No Ubaldo, No Problem?


Despite being “heavily linked” with, and a possible “ideal landing spot” for Ubaldo Jimenez, and despite having some of the richest owners in baseball, the Toronto Blue Jays are once again left to watch a high profile free agent sign with a division rival.  The highly coveted Jimenez inked a 4-year, $48-milion deal with the Baltimore Orioles yesterday, leaving the Jays with a gaping hole in the rotation that just won’t go away.

Here are four thoughts about the signing and where Toronto can go from here.

1. Look – I liked Jimenez for the Jays.  I really did.  But I’m not sure I liked him enough for a four year deal.  Yes Ubaldo was lights out for a good stretch of games last year, and yes he finished third in Cy Young voting in 2010.  But did you know that he was pretty awful otherwise?  In 2011 he had a 4.68 ERA and 1.40 WHIP split between Colorado and Cleveland, and in 2012 he posted a 5.40 ERA, 1.61 WHIP, and led the league in losses. 

In fact, his great 2010 and 2013 campaigns are more than meet the eye.  After an outstanding first half in 2010 (15-1, 2.20 ERA) he went 4-7 with a 3.80 ERA and 1.30 WHIP in 15 second half starts.  Last season, after 19 starts he had an ERA of 4.56 and a WHIP of 1.49 before turning it around.  But even those outstanding last 13 starts can be looked at with pessimism, considering he faced the Marlins, Mariners, Royals, and Astros once each, and the White Sox and Twins twice.  Is this a guy who can consistently beat the Rays, Yankees, and Red Sox for the next four years?

2. The Jays are now firmly positioned to finish in dead last for the second straight year.  But even with Ubaldo, are the Orioles really light years ahead of Toronto?  Their rotation and bullpen still have plenty of questions marks and they also need a full recovery from Manny Machado and no regression from super regression candidate Chris Davis, neither of which is a sure thing.  Sure signing Ubaldo would have been nice, but I don’t think this necessarily banishes the Jays to last place forever.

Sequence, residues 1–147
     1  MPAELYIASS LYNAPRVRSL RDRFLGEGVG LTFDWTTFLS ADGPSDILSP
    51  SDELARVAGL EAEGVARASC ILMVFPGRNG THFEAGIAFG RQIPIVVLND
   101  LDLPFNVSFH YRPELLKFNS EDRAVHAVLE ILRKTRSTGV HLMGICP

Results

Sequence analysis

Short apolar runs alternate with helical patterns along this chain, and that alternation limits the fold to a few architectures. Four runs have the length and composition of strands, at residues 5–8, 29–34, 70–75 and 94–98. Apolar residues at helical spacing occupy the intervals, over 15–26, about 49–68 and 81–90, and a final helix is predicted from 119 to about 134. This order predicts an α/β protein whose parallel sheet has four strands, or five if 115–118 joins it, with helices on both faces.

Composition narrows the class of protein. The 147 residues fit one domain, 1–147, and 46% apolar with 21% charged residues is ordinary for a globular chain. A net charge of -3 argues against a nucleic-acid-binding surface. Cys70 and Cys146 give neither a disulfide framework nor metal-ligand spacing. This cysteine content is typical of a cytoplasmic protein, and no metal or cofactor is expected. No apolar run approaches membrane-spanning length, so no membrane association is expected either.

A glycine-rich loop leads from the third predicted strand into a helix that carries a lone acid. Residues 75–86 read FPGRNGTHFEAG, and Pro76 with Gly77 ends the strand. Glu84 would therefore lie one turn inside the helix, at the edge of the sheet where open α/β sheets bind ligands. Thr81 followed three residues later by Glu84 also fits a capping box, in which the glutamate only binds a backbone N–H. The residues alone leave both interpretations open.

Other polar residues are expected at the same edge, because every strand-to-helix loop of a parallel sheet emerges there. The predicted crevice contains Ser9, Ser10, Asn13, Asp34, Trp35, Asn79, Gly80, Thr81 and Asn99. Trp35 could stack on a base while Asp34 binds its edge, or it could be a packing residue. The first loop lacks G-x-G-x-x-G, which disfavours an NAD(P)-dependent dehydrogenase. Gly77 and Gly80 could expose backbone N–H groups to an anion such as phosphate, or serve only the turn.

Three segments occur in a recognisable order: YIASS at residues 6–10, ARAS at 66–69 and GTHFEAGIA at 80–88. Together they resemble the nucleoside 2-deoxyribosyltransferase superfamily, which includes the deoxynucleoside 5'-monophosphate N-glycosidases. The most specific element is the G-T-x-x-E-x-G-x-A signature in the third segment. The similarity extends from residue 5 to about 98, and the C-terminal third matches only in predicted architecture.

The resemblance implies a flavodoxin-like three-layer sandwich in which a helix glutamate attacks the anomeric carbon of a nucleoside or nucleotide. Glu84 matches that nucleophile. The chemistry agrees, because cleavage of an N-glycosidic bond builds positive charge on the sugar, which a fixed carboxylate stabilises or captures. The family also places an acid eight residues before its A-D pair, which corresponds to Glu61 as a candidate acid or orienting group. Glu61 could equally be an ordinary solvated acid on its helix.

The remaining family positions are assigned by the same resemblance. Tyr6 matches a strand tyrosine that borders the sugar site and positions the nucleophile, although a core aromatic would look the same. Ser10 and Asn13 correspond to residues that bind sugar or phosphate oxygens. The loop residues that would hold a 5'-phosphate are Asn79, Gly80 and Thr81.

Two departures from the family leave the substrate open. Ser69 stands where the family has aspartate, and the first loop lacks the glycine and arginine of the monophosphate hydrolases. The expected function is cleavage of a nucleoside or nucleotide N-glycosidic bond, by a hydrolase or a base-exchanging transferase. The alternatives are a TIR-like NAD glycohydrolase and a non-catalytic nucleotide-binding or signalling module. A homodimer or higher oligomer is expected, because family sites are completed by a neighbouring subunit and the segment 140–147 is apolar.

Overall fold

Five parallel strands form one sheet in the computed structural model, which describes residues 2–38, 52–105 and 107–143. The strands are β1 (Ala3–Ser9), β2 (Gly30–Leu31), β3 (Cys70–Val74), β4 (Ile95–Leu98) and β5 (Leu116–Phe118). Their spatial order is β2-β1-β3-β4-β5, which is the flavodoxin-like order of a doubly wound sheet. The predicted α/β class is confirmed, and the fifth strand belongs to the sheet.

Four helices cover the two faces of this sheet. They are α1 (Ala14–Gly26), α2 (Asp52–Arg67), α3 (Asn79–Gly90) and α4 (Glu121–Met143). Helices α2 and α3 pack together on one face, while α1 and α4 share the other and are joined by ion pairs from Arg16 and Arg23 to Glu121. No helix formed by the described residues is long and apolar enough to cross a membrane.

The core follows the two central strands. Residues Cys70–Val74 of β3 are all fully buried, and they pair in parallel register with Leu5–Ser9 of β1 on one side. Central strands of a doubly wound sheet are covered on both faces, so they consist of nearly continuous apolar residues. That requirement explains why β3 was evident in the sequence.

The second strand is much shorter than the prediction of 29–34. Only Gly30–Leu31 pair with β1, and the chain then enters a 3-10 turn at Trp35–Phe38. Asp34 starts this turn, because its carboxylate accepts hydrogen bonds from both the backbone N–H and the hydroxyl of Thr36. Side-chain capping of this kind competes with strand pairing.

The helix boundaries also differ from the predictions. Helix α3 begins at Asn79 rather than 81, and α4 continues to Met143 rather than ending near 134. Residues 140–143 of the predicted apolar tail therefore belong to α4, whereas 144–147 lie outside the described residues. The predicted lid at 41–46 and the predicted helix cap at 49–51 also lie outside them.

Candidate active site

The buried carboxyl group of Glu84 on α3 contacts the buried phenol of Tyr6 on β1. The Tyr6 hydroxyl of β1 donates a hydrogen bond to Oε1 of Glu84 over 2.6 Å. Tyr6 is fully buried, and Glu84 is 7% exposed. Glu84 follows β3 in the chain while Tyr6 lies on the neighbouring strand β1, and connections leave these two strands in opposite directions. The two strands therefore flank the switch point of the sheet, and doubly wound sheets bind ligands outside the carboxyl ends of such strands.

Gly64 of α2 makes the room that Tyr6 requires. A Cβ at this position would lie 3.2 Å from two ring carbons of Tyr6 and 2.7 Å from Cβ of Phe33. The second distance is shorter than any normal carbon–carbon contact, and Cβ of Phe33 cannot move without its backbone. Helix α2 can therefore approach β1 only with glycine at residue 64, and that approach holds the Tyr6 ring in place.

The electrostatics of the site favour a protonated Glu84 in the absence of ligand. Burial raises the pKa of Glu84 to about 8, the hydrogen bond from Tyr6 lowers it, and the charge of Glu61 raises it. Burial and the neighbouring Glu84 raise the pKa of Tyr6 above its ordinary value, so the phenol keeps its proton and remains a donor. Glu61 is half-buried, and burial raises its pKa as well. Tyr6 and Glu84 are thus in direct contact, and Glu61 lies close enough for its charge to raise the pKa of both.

3. Should the Jays now go all-in on Ervin Santana?  From reading the opinions of many baseball experts, Santana would be a terrible fit in Toronto because he gives up a lot of home runs and Rogers Centre is a homer friendly ballpark.  I guess if the price falls to an acceptable level, I wouldn’t mind seeing Ervin in a blue cap, but if he struggles badly wouldn’t it be easier and cheaper to just give the rotation slot to Kyle Drabek?  The worst kind of move is a reactionary one – just because another team signed a free agent doesn’t necessarily mean that you have to do so as well.  Steer clear.

4. With Jimenez off the market, along with Arroyo, Garza, and most other free agent pitchers, it looks increasingly like the Jays will be filling out their rotation internally.  Should they simply bite the bullet and let youngster Marcus Stroman start the season with the big club?  The answer really depends on what side of the fence you’re on.  For those that believe Toronto still has a chance to contend this season, the answer is no.  Break camp with Dickey, Morrow, Buehrle, and Redmond/Rogers/Happ/Drabek/Hutchison, then make amendments on the fly.  Having a rookie in the rotation on a team expected to win now puts an unfair amount of pressure on the kid and risks ruining him for good.  Plus if the team is in contention later in the summer, Stroman may have the ability to become a weapon similar to what Wacha was for the Cardinals in 2013.

But for those who think that the lack of improvement this winter means the Jays are doomed from the start in 2014, the answer is probably yes.  What have they got to lose?  Make Stroman the #5 starter right out of the gate.  Prospects are only worth anything if they produce at the big league level, so keeping a big arm buried in the minor leagues is a waste.  Better to see what you have now.  If the season is going to be a write-off anyways, let him pitch 150 innings, then shut him down to protect his arm.  It will at least give fans hope that the team can actually draft decent players.

Personally, I’m in the first camp, if only because I’m a hopeless optimist who still holds a minute shred of hope that the Jays can rebound from a miserable 2013.  Having Stroman in your back pocket as a potential mid-season callup just might make a huge difference.

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